GMAT Tip: Math Basics

On the GMAT, the most complex problems often have the simplest solutions Photograph by Edmond Van Hoorick/Getty Images

The GMAT Tip of the Week is a weekly column that includes advice on taking the Graduate Management Admission Test, which is required for admission to most business schools. Every week an instructor from a top test-prep company will share suggestions for improving your GMAT score. This week’s tip comes from Brian Galvin, director of academic programs at Veritas Prep.

The GMAT is a test on which the most complex problems often have the simplest solutions, at least for those willing to reason through them. Students often chase the “hardest” content items available on the test and breeze past—or overlook entirely—the most useful items. Let’s take a look at how some of the GMAT’s trickiest-looking problems lend themselves to simple solutions.

What is the sum of the digits of integer k, if k = (1040 – 46)

(A) 351
(B) 360
(C) 363
(D) 369
(E) 378

While this may look like a monster problem, it is just an arithmetic question. Yes, 1040 is an insanely large number, but conceptually it is not much different from 103 (i.e. 1,000). If you test this relationship with a few small numbers, you can get a good look at what k will look like. For example:

102 – 46 = 100 – 46 = 54
103 – 46 = 1,000 – 46 = 954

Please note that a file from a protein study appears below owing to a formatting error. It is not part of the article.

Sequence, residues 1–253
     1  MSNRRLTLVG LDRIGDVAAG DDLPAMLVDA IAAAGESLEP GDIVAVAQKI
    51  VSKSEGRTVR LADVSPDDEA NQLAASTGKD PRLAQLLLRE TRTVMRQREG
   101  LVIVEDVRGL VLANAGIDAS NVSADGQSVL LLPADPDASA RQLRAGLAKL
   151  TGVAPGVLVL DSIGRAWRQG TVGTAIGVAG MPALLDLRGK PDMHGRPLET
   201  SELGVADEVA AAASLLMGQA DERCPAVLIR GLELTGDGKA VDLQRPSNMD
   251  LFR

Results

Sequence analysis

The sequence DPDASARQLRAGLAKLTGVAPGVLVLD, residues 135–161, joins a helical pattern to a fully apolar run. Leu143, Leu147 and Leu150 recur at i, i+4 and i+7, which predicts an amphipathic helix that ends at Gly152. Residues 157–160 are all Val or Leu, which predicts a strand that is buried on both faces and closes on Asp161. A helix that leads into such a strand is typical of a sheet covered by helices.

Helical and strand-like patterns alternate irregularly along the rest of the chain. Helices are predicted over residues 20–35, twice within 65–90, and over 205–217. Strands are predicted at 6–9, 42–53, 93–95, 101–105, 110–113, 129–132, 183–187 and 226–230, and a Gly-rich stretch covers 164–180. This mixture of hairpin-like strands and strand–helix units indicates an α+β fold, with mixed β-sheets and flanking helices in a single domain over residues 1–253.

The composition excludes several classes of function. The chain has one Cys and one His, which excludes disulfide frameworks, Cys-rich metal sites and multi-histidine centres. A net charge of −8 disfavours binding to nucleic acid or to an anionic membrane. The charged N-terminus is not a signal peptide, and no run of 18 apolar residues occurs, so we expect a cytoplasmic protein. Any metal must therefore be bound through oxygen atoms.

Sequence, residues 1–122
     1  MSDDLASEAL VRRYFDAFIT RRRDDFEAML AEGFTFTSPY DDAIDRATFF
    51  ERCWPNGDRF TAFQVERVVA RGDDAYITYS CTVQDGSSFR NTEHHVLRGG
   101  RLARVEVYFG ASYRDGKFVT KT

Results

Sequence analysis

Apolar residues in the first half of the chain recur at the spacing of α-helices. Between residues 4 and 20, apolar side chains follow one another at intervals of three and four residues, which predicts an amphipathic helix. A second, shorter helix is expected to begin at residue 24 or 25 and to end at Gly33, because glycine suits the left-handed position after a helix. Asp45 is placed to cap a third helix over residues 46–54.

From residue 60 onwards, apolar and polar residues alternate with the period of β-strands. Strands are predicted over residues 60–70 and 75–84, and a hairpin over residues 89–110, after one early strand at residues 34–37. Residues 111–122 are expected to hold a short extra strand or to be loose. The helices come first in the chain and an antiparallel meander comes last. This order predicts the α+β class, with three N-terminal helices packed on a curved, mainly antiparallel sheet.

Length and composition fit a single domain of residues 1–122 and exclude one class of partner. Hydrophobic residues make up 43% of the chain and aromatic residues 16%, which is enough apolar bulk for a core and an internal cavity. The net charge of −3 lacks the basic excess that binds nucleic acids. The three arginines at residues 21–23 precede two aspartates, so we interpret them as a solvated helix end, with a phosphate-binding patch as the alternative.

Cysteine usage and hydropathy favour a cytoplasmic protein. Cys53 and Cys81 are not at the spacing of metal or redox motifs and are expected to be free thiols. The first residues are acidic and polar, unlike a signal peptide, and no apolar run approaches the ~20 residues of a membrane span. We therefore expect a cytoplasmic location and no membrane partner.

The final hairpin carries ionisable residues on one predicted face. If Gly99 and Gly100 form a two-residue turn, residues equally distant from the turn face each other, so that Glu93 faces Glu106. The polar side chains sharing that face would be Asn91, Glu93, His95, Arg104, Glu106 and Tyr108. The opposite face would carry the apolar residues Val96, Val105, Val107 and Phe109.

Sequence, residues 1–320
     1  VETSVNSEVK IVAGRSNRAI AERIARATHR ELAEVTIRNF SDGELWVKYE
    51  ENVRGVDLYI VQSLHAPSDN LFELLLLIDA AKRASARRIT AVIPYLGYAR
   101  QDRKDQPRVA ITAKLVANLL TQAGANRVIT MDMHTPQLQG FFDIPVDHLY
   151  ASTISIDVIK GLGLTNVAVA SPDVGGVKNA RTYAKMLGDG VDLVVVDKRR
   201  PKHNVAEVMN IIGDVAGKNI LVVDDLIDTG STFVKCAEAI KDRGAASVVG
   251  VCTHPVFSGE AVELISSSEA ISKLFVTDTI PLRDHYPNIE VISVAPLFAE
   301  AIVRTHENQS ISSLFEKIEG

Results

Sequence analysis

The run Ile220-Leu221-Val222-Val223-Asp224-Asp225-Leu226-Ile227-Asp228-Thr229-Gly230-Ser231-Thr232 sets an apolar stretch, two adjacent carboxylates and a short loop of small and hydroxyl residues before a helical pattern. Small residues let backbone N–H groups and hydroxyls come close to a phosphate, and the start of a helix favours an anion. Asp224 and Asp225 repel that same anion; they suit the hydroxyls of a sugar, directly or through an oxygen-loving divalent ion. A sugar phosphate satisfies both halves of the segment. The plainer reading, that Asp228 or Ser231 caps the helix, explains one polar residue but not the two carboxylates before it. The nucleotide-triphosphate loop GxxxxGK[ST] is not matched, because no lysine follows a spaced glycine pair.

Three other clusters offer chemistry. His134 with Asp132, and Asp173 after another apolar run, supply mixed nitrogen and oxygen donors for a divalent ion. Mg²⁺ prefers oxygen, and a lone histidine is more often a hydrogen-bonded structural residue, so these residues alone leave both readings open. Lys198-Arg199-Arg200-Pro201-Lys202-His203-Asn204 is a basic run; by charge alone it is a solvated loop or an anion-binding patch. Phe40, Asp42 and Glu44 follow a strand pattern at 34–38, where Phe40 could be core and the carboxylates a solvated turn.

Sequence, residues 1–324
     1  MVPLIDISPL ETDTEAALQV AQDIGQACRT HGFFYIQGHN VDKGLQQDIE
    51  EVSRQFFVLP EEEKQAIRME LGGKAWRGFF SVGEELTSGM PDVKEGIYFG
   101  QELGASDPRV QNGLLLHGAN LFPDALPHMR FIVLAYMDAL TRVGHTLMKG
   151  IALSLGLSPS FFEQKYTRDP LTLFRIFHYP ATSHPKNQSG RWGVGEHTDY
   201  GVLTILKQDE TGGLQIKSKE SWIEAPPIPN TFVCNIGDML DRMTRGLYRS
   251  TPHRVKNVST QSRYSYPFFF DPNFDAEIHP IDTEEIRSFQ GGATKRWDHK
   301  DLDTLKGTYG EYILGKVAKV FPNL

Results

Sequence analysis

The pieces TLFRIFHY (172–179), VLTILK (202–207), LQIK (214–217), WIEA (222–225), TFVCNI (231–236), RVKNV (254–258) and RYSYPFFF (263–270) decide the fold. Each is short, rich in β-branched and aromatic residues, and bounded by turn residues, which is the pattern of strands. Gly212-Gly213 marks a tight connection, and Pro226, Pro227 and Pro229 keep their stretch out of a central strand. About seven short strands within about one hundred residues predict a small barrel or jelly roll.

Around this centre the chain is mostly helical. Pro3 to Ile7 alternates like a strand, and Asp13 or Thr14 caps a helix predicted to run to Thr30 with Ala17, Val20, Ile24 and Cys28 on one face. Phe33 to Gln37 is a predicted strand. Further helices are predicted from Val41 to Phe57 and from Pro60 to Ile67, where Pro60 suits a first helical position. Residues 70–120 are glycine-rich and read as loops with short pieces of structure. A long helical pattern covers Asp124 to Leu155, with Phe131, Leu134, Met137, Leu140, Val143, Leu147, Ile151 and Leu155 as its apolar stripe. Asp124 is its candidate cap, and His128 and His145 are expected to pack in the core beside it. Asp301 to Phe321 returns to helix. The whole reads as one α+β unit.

104 – 46 = 10,000 – 46 = 9,954

Do you see the pattern? Every time we add one to the exponent, we add another 9 to the solution. And the number of digits in the solution is always the same as the exponent itself. So for this problem, where the exponent is 40, k will have 40 digits: a 5, a 4, and the other 38 are 9s. And since 5 + 4 = 9, then really we’re just adding up 39 9s. And 39*9 is 351 (or you can just see that it will end in a 1, and only A matches).

“Special” math skills are infrequently required or rewarded on the GMAT. Sound fundamentals in arithmetic, algebra, and a few conceptual rules of geometry, probability, and statistics are generally all you need, provided you supplement them with reasoning and ingenuity.

Brian Galvin has been with Veritas Prep since 2006 and has since devoted himself to developing new and better ways to help students master the GMAT. He earned a 99th percentile score on the GMAT and has a bachelor’s degree and a master’s in education from the University of Michigan. He has taught high school history in Detroit, worked in sales and marketing for the Detroit Pistons NBA franchise, and completed an Ironman race.

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